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What Does Two-Factor Authentication Mean In The HIPAA Security Rule?

Although the Health Insurance Portability and Accountability Act was created in 1996, it was not always intended to protect the privacy of electronic medical records. Originally, HIPAA was created for the privacy of paper medical records, prior to HIPAA there was no security standard in place to protect patient privacy.

As time progresses, so does technology, and in the past decade, recent advances in healthcare industry technology created a need for a more secure way to handle medical records. With electronic medical records increasingly available at cost-effective rates, healthcare facilities moved to these types of documents.

In addition, with government regulation requiring electronic medical records, the security standards for the protection of electronic protected health information, also known as "the security rule," were created and enforced. You can get more details on HIPAA security controls, by browsing online.

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This new set of regulations was created to ensure the privacy of patient medical information while it is stored or transmitted in its electronic form.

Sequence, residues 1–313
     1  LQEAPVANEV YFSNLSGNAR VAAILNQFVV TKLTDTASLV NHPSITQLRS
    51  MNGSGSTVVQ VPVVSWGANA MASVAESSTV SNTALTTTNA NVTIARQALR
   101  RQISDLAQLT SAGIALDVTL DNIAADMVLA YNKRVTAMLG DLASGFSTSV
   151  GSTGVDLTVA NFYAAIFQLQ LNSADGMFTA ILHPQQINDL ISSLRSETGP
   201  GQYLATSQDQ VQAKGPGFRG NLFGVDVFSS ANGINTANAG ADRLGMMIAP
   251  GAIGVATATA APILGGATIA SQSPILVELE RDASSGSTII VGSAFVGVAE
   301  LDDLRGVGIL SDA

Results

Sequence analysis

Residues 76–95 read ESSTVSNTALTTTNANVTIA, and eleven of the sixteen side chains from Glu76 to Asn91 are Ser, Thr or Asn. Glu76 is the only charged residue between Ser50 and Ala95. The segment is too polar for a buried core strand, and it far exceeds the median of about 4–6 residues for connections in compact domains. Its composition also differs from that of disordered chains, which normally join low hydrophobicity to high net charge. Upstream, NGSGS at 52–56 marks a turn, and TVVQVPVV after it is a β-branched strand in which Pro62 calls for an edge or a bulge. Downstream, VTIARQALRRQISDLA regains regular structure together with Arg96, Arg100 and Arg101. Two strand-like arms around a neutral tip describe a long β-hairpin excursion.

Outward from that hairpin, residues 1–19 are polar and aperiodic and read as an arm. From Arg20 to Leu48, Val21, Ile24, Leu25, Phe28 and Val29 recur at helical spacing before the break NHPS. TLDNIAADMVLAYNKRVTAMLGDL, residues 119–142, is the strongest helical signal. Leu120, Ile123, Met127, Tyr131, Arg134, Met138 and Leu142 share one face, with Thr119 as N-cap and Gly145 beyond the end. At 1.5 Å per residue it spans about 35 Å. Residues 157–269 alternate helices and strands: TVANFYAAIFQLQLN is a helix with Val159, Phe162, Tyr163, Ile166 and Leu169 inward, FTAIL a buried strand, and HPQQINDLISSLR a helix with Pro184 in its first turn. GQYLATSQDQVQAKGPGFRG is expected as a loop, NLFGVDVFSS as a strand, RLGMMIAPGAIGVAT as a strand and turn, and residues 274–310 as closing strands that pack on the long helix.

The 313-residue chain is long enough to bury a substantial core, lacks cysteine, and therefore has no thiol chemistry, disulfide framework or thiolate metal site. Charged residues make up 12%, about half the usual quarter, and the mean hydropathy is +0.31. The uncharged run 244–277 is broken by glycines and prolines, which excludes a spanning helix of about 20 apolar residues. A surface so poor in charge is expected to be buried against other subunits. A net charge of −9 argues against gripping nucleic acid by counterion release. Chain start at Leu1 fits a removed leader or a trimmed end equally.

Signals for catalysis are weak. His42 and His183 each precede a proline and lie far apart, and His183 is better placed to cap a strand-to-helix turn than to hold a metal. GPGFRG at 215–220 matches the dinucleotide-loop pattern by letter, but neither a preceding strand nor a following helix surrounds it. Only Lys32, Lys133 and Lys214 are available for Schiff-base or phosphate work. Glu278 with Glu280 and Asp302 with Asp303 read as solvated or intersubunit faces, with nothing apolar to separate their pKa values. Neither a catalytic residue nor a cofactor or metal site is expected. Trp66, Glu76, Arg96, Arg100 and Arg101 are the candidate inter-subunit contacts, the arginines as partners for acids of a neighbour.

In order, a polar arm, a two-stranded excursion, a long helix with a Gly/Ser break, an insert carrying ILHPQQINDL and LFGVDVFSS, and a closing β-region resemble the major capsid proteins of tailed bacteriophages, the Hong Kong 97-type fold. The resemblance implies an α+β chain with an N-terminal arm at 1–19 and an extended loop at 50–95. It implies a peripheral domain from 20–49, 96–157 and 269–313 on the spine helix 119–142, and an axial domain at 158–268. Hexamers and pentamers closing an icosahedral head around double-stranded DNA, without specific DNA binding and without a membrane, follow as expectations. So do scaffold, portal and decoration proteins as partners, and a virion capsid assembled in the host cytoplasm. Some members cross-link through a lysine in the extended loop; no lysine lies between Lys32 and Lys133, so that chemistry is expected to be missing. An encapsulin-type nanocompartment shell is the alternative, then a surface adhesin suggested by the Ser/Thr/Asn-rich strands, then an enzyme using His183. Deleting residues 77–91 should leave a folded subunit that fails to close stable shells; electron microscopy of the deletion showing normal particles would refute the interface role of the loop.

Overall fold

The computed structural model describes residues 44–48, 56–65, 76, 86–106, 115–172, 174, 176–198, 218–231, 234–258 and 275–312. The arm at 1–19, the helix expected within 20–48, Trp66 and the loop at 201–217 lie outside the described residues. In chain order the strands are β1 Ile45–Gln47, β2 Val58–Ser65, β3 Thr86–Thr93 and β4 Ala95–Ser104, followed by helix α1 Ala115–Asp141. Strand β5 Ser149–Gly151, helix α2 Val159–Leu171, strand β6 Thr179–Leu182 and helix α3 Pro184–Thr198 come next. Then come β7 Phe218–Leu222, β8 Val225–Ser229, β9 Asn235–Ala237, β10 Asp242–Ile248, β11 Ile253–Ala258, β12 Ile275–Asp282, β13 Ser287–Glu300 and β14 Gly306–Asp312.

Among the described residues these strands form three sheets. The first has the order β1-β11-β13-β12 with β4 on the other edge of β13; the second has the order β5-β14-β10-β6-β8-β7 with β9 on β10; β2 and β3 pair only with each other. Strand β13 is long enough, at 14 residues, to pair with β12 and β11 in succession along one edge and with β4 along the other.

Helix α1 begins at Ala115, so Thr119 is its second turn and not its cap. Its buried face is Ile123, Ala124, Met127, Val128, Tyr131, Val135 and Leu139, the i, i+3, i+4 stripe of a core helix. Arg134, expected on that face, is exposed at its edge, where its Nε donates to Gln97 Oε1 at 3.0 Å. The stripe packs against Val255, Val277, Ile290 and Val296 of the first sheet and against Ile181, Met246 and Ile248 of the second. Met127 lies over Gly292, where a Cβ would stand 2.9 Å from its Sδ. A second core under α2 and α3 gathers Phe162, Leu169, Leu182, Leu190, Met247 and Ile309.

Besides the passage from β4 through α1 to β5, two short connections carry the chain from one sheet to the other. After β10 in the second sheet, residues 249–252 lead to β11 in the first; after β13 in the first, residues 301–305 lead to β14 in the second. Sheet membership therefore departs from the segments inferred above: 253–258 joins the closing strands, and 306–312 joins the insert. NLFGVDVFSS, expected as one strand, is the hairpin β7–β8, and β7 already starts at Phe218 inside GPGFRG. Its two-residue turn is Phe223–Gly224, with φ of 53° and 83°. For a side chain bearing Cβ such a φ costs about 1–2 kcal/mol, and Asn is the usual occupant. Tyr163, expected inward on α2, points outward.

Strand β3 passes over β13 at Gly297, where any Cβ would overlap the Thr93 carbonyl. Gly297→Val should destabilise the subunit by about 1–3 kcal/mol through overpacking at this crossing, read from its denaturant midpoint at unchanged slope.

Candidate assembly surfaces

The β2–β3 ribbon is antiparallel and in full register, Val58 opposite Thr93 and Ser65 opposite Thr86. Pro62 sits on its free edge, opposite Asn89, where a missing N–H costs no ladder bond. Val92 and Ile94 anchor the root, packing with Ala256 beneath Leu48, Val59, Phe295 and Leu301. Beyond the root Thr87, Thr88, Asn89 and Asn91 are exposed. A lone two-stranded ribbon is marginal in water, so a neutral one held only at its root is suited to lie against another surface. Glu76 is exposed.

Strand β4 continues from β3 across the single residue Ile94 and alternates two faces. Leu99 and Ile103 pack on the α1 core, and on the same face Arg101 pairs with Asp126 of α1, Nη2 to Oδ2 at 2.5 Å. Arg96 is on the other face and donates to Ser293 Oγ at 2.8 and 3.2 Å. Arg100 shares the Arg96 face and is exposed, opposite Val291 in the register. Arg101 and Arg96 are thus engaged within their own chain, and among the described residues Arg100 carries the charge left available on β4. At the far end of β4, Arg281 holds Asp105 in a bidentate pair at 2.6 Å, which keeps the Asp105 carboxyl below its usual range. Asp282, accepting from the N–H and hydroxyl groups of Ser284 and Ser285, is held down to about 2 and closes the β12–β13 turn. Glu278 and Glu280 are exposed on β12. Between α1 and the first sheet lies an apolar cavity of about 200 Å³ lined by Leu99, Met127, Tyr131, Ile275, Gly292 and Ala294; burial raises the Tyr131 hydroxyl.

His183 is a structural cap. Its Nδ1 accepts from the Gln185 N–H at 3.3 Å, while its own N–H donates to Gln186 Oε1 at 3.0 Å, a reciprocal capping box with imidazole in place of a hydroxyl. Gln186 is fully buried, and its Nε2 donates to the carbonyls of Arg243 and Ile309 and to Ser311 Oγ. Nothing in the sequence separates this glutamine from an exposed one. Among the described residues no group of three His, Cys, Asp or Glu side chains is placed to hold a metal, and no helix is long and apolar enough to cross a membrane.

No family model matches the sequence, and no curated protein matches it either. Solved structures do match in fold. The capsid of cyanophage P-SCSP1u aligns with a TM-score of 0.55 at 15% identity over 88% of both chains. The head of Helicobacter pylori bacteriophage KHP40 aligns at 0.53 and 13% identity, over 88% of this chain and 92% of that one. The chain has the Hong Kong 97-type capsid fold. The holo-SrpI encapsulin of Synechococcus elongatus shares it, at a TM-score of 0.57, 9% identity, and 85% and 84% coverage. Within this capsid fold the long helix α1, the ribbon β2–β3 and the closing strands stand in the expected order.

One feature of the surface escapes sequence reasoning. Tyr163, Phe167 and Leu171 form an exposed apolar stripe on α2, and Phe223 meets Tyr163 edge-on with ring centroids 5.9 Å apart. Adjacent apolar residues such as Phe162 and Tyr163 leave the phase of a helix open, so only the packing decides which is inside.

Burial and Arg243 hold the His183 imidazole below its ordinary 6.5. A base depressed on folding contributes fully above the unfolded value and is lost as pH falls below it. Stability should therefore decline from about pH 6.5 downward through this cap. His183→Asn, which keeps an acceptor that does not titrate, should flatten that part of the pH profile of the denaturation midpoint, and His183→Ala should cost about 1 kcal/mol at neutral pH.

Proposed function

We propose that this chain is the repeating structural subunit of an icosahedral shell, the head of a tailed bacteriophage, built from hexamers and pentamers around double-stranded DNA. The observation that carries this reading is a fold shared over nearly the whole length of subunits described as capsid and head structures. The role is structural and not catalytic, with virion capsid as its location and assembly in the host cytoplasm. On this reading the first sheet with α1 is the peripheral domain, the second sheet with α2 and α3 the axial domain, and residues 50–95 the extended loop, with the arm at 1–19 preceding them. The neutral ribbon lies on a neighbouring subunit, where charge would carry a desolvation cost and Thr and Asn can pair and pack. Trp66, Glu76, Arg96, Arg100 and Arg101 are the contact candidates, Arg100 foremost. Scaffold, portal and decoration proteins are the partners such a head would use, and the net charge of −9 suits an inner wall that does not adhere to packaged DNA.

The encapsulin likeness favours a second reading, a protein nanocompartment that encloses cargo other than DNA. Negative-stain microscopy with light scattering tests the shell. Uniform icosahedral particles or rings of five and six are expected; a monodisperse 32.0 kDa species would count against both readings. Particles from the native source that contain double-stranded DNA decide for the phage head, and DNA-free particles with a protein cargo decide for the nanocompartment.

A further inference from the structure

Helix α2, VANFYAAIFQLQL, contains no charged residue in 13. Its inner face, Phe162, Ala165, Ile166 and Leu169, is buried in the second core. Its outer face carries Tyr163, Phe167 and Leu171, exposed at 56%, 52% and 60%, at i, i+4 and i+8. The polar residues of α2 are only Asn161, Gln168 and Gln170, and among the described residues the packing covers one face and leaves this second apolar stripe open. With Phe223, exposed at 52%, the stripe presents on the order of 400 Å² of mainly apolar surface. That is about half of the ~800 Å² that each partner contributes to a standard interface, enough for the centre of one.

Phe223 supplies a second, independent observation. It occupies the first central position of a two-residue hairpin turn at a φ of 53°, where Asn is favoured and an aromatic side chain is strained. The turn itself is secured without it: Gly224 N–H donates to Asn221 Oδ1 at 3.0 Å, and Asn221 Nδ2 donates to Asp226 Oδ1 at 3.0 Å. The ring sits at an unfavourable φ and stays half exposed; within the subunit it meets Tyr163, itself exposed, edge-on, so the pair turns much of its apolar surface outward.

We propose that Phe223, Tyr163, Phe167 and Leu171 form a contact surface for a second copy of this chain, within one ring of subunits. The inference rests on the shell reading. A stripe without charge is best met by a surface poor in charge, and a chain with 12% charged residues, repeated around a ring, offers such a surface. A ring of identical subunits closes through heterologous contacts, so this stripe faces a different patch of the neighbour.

Two-factor authentication, a process in which two separate factors of authentication are used to identify a user, was not originally a necessary part of the security process established in the HIPAA security rule. Over the years, this form of authentication has become a mandatory piece of HIPAA compliance.

Back in October 2003 it was mentioned in a PDF published by the National Institute of Standards and Technology where multi-factor authentication is mentioned. 

The document entitled "Guide to Selecting Information Technology Security Products" establishes what authentication is, but does not necessarily require the implementation of this type of security.

Obviously, since electronic medical records are so new and not used in every facility, the need for specific authentication was not created or enforced.

 

 

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